Shell-shocked Gazans yesterday sifted through the rubble of three days of deadly conflict between Israel and Islamic Jihad as a truce held and life slowly returned to normal.
An Egypt-brokered ceasefire reached late Sunday ended the intense fighting that killed 44 people, including 15 children, and wounded 360 in the enclave according to Gaza’s health ministry.
Israel had since Friday launched a heavy aerial and artillery bombardment of Islamic Jihad positions in Gaza. As relative calm returned to Gaza yesterday, and electricity was restored, Palestinians tried to salvage their belongings from the rubble of shattered homes and to start clearing the debris.
“We received the news of the ceasefire with joy and happiness and we went back to our work,” said Gaza shopkeeper Hazem Douima. “We did not want more bloodshed.”
Bereaved families buried their dead, including at one funeral joined by hundreds of mourners in Jabalia in the northern Gaza Strip where a family laid to rest four minors killed in the conflict. “Gaza is tending to its wounds,” said one resident, Mohamed Alai.
Gaza’s sole power plant, after a two-day shutdown, “started working to generate electricity”, said spokesman Mohamed Thabet, hours after fuel trucks passed the reopened goods border crossing.
The outage had sparked fears about the impact on hospitals overwhelmed with casualties amid Gaza’s worst fighting since an 11-day war with Hamas last year.
The Israeli military said roads would gradually reopen in the border area where restrictions were imposed in the lead-up to the offensive, which Israel said was launched to stop looming attacks.
Three people in Israel were wounded by shrapnel and 31 lightly hurt while running for safety, emergency services said.
Israeli Prime Minister Yair Lapid’s office late Sunday agreed to the truce but said that “if the ceasefire is violated”, Israel “maintains the right to respond strongly”.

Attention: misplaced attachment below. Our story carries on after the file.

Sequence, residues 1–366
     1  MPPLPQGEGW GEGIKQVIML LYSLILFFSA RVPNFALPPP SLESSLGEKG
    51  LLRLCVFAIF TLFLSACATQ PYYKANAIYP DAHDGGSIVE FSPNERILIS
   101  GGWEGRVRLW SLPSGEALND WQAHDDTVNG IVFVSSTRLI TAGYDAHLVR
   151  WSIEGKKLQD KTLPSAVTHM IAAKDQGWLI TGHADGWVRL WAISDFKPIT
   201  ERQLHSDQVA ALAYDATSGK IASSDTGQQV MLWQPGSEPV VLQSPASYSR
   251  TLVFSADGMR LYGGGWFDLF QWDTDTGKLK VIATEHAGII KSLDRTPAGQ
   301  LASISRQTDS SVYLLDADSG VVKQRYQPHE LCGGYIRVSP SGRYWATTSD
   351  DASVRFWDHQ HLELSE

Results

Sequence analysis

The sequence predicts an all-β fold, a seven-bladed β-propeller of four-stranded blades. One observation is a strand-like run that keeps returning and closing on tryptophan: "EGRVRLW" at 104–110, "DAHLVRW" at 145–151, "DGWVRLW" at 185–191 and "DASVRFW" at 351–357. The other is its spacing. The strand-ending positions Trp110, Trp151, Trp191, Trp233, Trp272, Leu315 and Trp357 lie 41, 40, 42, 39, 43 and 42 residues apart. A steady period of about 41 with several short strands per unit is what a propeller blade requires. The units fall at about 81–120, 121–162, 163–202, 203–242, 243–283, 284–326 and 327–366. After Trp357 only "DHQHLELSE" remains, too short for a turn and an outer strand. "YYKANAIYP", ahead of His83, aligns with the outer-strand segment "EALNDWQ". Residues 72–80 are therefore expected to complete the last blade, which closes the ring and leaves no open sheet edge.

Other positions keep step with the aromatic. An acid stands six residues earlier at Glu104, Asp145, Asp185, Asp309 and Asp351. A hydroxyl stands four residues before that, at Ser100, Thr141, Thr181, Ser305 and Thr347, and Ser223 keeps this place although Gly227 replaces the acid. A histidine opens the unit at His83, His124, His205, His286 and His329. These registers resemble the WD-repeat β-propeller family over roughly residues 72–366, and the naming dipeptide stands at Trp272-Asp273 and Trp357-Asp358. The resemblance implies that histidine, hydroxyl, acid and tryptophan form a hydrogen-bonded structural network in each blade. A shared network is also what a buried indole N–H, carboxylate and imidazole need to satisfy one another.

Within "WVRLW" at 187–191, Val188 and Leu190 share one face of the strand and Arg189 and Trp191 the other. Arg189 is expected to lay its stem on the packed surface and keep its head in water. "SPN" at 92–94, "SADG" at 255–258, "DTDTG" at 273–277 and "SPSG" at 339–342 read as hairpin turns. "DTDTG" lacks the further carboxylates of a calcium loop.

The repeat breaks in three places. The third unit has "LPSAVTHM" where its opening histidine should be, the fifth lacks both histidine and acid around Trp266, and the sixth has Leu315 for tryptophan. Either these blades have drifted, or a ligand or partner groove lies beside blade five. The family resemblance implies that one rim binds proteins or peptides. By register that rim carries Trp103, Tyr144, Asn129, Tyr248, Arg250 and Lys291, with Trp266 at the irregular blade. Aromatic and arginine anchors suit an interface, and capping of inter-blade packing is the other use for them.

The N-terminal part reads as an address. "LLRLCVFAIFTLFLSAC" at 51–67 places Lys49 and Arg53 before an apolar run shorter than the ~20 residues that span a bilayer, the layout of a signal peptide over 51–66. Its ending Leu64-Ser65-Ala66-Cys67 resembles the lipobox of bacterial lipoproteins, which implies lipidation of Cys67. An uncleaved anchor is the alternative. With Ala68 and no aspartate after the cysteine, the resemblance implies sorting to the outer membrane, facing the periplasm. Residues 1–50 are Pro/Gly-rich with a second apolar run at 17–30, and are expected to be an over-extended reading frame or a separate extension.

Islamic Jihad also accepted the truce but said it too “reserves the right to respond”. US President Joe Biden welcomed the truce and thanked Egyptian President Abdel Fattah al-Sisi for Cairo’s role in brokering it.
European Union foreign policy chief Josep Borrell warned it was “crucial to work to consolidate the ceasefire”. Islamic Jihad said 12 of its leaders and members had been killed.
The group’s Mohamed al-Hindi said the ceasefire deal “contains Egypt’s commitment to work towards the release of two prisoners”.
They were named as Bassem al-Saadi, a senior figure in the group’s political wing who was recently arrested in the occupied West Bank, and Khalil Awawdeh, also in Israeli detention.
North of Gaza in the Israeli city of Asheklon where air raid sirens had wailed and people fled to bunkers, beachgoers returned to the Mediterranean shore. Sitting in a cafe, Eitan Casandini said locals were feeling “very good”.
Islamic Jihad is aligned with Gaza’s rulers Hamas but often acts independently. Hamas has fought four wars with Israel since seizing control of the enclave in 2007, including the conflict in May last year.
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